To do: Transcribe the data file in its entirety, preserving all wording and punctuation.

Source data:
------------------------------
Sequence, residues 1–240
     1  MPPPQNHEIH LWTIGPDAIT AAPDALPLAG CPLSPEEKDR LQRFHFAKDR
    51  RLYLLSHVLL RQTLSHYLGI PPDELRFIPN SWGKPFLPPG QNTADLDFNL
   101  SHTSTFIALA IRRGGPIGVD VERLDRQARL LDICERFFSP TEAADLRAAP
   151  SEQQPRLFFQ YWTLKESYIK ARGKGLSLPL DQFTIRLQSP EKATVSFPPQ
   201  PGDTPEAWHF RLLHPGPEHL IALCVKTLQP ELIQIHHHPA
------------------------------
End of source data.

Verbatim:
Sequence, residues 1–240
     1  MPPPQNHEIH LWTIGPDAIT AAPDALPLAG CPLSPEEKDR LQRFHFAKDR
    51  RLYLLSHVLL RQTLSHYLGI PPDELRFIPN SWGKPFLPPG QNTADLDFNL
   101  SHTSTFIALA IRRGGPIGVD VERLDRQARL LDICERFFSP TEAADLRAAP
   151  SEQQPRLFFQ YWTLKESYIK ARGKGLSLPL DQFTIRLQSP EKATVSFPPQ
   201  PGDTPEAWHF RLLHPGPEHL IALCVKTLQP ELIQIHHHPA